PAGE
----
Tuesday, December 28, 2010

The God of New Year's Resolutions

Is everybody thinking about their New Year's resolutions already?  I'm not.  What would normally be my New Year's resolutions have become serious life changes for me this year, what with my health being what it is.  Everyone has a resolution to lose weight, I've already lost 20 lbs in the last few months.  Hopefully I'll continue to lose weight, but I think that more aerobics and brown rice are going to help that more than a half-baked "promise" to myself.

Many Wiccans and Pagans don't celebrate calendar New Year, because we follow the Wheel of the Year.  I think we need to reconsider this.  Yes, I follow the Wheel of the Year too.  It makes more sense to me to follow a solar calendar.  You have to consider, though, that the secular 12 month calendar was originally a pagan calendar as well.   

Janus, the Two Faced God
In the 150's BC, Janus was placed at the beginning of the Julian Calendar, so called for it's "modern" creator. Julius Ceaser in 46 BC made the calendar longer, calling it the Julian Calendar, to make it reflect the seasons more accurately.  He kept Janus at the beginning, as January, because of who Janus is.  Janus is the two faced God, one head looking to the past and one to the future.  For this reason, he was placed at the beginning of the calendar, looking back at the previous year and forward to the next.  He is the God of gates, doors, doorways, beginnings, endings and time.  So if we as Pagans wonder if there is a God of New Year's resolutions, this would be him.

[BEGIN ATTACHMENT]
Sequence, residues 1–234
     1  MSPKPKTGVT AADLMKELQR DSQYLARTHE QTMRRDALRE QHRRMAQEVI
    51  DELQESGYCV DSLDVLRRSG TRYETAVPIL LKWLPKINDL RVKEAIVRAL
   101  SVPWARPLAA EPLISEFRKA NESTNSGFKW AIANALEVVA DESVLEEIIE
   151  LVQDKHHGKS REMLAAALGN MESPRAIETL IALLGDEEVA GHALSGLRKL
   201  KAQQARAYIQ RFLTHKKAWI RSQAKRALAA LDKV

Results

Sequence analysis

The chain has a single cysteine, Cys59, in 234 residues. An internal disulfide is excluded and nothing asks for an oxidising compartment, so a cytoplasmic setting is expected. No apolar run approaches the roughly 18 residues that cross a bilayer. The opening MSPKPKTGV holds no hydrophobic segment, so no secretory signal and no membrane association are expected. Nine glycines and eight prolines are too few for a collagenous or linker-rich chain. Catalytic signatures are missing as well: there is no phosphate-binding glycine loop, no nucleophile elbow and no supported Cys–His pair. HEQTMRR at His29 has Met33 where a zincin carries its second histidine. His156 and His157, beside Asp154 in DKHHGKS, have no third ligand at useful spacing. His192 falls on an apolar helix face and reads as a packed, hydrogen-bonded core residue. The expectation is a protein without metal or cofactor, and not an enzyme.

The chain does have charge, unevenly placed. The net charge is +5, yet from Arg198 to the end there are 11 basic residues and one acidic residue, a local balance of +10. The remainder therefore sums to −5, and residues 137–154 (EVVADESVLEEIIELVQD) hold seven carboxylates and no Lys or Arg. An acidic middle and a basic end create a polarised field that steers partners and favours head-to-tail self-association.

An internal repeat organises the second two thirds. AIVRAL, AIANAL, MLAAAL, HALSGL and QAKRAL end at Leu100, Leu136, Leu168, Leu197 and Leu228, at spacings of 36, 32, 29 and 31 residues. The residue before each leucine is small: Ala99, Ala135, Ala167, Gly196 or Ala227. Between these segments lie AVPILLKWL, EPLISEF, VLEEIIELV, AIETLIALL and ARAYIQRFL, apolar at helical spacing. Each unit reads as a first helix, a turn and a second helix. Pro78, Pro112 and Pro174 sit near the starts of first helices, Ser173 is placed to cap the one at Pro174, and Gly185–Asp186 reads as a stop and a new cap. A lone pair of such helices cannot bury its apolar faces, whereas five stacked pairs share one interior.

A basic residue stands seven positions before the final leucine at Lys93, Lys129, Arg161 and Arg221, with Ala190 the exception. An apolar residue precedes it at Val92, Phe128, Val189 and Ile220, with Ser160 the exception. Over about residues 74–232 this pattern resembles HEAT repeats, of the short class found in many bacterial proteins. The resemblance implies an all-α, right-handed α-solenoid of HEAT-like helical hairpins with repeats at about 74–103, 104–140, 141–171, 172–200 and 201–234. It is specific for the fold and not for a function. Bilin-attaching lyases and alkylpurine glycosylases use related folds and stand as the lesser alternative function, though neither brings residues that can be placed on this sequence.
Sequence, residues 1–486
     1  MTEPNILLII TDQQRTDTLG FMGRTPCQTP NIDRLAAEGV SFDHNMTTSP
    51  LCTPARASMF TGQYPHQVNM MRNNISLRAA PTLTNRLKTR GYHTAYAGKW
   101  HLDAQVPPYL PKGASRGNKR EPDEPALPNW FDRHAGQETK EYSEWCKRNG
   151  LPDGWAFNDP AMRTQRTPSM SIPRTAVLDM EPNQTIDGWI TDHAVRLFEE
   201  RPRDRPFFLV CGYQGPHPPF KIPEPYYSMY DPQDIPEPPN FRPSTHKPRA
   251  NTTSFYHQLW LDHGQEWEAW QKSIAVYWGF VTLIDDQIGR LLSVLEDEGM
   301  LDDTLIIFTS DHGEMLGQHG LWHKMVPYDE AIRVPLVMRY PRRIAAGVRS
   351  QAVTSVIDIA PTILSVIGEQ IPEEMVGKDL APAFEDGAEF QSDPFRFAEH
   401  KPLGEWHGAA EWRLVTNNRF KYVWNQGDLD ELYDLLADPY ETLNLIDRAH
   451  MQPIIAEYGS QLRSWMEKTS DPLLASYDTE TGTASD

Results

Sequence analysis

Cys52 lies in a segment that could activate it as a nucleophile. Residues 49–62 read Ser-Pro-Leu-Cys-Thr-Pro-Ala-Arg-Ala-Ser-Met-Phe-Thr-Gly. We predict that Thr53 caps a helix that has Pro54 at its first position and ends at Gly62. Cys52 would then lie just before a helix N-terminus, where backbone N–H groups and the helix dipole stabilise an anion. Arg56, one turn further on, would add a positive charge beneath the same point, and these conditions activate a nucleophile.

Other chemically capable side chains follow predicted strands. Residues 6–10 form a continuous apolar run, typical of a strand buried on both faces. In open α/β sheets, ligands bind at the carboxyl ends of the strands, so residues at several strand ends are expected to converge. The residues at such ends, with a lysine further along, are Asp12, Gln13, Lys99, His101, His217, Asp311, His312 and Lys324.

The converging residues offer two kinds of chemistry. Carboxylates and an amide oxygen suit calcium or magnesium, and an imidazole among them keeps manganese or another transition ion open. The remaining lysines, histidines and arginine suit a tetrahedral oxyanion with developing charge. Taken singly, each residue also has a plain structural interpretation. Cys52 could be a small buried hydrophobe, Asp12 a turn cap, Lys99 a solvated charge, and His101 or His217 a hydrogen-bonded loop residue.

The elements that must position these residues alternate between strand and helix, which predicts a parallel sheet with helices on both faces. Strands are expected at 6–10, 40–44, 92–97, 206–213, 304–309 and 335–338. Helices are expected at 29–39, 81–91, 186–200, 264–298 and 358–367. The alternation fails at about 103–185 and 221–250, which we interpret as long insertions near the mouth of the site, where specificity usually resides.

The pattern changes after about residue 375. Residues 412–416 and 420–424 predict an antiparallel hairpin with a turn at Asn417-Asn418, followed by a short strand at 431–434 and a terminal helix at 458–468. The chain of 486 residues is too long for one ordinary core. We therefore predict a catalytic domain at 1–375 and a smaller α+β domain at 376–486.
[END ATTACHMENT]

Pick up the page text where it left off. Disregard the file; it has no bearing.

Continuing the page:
So often we look at the secular calendar and don't realize where it comes from.  Yes, there was a Pope that changed it around, hence the term Gregorian Calendar (Pope Gregory XIII) but most of the names are still those of Roman Gods and Emperors.

January for Janus, The Two Faced God.  February for Februa, the feast of purification.  March for Mars (in Latin, that's Martius).  April comes from a word meaning second, since it was at one time the second month of the year.  May was named for the Earth Goddess, Maia.  June was named for Juno, the patron Goddess of Rome and Queen of the Gods.  July, of course, named for Julius Caesar.  August was named after Augustus Caesar.  September means seventh month, October means eighth, November means ninth, and December means tenth, which makes sense when you think about the names.  If you look at it, out of 12 months, 7 are named for Important Romans or Roman Gods and Goddesses.  Not a bad count if you ask me.

So is the secular calendar really as secular as we think?  I bet not.  Especially not when we consider the days of the week.  Monday/Moon's Day.  Tuesday/Tyr's Day.  Wednesday/Odin's Day.  Thursday/Thor's Day.  Friday/Freyja's Day.  Saturday/Saturn's Day.  Sunday/Sun's Day.

All in all, I think the rest of the world is more Pagan than they think

Goddess Bless,



  1. very good and so interesting, thanks

    how did you get all the little boxes at the end of your posts? with email, twitter, facebook etc?

  2. When you are on your dashboard, click on design, and then click Edit on the Blog Posts section. In there are a bunch of options for your posts, it is in there.